Sea Technology

AUG 2012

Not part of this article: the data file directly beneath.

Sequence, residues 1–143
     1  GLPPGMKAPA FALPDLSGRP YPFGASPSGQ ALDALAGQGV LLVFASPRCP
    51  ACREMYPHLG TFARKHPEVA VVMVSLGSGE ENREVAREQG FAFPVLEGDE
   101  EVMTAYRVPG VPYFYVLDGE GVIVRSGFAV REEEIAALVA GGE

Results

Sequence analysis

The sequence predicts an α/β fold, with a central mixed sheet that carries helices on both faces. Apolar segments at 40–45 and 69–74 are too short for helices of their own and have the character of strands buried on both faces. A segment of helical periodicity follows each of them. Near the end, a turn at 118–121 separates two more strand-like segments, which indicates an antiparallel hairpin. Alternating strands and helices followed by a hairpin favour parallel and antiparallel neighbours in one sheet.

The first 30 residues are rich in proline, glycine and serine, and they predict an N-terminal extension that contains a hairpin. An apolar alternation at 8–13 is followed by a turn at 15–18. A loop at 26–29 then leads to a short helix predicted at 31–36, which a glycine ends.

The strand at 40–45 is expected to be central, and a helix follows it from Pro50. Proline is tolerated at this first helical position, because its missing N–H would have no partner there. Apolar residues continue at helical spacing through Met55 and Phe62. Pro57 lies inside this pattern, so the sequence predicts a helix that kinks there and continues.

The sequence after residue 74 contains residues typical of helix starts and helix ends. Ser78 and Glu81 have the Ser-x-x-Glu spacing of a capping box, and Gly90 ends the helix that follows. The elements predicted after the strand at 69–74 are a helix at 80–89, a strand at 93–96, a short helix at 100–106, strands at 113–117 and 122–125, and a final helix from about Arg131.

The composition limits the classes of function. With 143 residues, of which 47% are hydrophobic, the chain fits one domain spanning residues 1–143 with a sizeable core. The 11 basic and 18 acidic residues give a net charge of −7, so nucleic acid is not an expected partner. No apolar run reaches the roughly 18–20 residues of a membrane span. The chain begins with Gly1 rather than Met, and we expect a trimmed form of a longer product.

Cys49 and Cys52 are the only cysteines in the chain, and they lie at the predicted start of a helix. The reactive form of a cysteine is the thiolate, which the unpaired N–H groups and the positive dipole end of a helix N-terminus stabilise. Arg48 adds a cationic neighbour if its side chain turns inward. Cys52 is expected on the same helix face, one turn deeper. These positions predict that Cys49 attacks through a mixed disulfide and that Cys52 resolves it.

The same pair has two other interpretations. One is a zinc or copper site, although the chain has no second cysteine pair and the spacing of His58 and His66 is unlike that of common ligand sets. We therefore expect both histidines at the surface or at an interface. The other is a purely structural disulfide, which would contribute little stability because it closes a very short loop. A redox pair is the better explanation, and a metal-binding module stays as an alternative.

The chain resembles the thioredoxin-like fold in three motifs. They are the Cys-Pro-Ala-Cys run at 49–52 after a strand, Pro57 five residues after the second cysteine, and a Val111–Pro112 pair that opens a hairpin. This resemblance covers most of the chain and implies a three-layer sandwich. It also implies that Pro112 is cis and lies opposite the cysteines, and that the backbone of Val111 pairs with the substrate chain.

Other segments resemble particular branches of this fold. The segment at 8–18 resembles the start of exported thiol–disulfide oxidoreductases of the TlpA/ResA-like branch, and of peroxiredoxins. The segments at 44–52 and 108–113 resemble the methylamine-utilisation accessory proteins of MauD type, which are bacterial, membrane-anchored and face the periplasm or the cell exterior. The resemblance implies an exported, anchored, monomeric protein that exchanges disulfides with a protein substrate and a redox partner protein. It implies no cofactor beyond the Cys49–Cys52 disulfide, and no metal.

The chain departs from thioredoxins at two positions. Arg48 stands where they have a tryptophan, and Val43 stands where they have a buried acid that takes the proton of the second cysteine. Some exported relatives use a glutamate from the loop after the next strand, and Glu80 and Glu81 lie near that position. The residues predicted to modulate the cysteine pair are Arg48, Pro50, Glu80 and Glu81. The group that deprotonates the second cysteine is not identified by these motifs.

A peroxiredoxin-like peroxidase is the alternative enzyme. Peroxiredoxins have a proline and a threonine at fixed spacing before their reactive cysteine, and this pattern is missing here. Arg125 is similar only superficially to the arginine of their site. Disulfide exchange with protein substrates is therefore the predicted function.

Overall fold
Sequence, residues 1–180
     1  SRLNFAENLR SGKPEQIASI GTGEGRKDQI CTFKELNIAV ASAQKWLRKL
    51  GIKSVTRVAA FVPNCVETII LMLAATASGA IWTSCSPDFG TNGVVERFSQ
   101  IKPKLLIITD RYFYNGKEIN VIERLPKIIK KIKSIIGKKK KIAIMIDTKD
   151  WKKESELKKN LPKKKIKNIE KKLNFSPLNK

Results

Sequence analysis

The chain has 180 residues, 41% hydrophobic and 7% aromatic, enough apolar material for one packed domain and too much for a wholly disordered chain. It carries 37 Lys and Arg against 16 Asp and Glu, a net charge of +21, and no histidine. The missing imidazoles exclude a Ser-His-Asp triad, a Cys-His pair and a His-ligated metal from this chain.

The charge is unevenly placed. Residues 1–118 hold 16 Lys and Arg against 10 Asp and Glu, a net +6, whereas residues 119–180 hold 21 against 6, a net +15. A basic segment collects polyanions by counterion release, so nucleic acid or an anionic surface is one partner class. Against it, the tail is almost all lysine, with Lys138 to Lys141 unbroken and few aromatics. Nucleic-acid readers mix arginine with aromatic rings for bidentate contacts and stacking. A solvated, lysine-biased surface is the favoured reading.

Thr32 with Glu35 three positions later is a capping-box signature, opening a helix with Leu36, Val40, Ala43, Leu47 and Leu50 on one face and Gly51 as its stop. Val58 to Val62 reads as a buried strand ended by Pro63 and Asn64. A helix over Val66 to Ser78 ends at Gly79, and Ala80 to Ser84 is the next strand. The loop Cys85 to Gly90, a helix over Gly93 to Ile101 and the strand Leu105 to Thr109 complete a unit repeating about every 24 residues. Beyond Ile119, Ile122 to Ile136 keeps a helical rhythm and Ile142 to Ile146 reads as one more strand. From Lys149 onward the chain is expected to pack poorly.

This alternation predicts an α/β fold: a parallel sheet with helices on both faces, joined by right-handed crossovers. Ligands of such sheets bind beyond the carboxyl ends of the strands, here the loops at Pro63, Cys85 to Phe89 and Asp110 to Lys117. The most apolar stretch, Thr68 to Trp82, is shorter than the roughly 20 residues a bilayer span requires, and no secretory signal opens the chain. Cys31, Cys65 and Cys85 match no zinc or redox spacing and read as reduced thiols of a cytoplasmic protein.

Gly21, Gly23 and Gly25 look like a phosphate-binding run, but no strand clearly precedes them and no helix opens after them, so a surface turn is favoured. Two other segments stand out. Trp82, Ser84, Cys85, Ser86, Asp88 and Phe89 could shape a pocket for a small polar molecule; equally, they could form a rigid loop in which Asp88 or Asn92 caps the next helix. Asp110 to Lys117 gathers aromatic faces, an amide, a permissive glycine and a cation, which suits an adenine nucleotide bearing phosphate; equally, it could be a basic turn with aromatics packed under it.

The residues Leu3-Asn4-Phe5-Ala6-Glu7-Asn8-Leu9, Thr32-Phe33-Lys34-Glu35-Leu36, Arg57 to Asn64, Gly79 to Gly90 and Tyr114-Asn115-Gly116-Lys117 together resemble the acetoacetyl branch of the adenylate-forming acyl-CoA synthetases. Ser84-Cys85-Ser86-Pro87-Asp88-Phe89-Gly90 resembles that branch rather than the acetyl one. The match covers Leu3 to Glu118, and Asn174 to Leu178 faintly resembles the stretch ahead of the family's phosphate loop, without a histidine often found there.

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Graphical User Interface for Simulating and Analyzing Oil Spills Italian Coast Guard Uses GUI for Forecasting and Retroactively Investigating Pollution Releases in Bonifacio Strait By Alberto Ribotti Technologist Matteo Sinerchia Researcher and Roberto Sorgente Researcher Institute for Marine and Coastal Environment National Research Council - Oristano Oristano, Italy he Strait of Bonifacio is a narrow passage with a maximum depth of 100 meters between the islands of Corsica and Sardinia in the middle of the western Mediterranean Sea. On its eastern side, it is only 5 kilometers wide, with a maximum depth of 57 meters, due to the presence of tens of large and small islands and rocks. The strait and the surrounding coastal environment are characterized by often unpredictable weather and sea conditions. Northwesterly and northeasterly winds often blowing through the strait are amplified by a Venturi ef- fect, suddenly creating strong currents and high waves. Annual maritime traffic along the Gibraltar-Spain route to the major Italian ports (e.g., Livorno, La Spezia, Civitavecchia, Naples) is very high, with more than 3,500 vessels, mainly solid bulk cargo ships and roll-on-roll-off passenger ships of a gross tonnage between 500 and 25,000 tons. Traffic peaks at more than 5,000 leisure boats in the summer. In the Strait of Bonifacio, 28 maritime accidents involving cargo ships and smaller vessels were recorded by the Ital- ian Coast Guard in La Maddalena, an is- land east of the strait, between 1972 and 2010. These accidents have or could have caused marine pollution from boats releas- ing their load or bunkers, mainly due to human error, especially during adverse weather and in rough coastal morphology areas. For these reasons, in the last 20 years, a joint effort by Italy, France, the European Union and the International Maritime Or- ganization to protect this area resulted in T the institution of several national and international parks. In 2011, the strait was nominated as a Particularly Sensitive Sea Area (PSSA), the first in the Mediterranean and the second in the world as a strait. To provide the local Italian Coast Guard with oil spill man- agement tools for the Strait of Bonifacio, the Italian Ministry of Environment funded a project in 2009 named SOS-Bonifacio. One of the instruments developed during the project was a graphical user interface (GUI) that allows users to interact eas- ily with a complex operational hydrodynamic model based on local meteo-marine conditions for predicting the trajectory of an oil slick within the Bonifacio Strait. The GUI guides users through the creation of an emergency scenario, launch of a simulation and analysis of results via a series of panels. GUI Design Using complex numerical models to produce simulations often requires interaction with computer codes and high-level processes, which limits the simulations to users comfortable with moving through large blocks of commands. In contrast, the GUI was designed for users with basic computer skills in order to make the forecasting system universally operational and to facilitate the process of scenario building, simulation AUGUST 2012 / st 37

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